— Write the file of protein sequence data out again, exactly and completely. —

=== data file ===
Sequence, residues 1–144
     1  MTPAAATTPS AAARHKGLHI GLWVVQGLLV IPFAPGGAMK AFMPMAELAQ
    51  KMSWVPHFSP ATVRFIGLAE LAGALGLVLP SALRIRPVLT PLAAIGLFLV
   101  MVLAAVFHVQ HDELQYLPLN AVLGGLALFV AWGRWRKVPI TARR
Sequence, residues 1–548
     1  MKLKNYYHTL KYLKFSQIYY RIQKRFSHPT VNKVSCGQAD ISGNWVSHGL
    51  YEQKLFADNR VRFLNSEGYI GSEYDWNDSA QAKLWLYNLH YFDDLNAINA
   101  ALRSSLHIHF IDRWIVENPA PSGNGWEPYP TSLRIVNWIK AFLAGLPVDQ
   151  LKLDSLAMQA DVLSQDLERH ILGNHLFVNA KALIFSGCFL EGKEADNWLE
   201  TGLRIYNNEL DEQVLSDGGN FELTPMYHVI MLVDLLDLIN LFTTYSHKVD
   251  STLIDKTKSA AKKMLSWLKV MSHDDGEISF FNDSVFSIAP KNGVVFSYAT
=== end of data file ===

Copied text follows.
Sequence, residues 1–144
     1  MTPAAATTPS AAARHKGLHI GLWVVQGLLV IPFAPGGAMK AFMPMAELAQ
    51  KMSWVPHFSP ATVRFIGLAE LAGALGLVLP SALRIRPVLT PLAAIGLFLV
   101  MVLAAVFHVQ HDELQYLPLN AVLGGLALFV AWGRWRKVPI TARR
Sequence, residues 1–548
     1  MKLKNYYHTL KYLKFSQIYY RIQKRFSHPT VNKVSCGQAD ISGNWVSHGL
    51  YEQKLFADNR VRFLNSEGYI GSEYDWNDSA QAKLWLYNLH YFDDLNAINA
   101  ALRSSLHIHF IDRWIVENPA PSGNGWEPYP TSLRIVNWIK AFLAGLPVDQ
   151  LKLDSLAMQA DVLSQDLERH ILGNHLFVNA KALIFSGCFL EGKEADNWLE
   201  TGLRIYNNEL DEQVLSDGGN FELTPMYHVI MLVDLLDLIN LFTTYSHKVD
   251  STLIDKTKSA AKKMLSWLKV MSHDDGEISF FNDSVFSIAP KNGVVFSYAT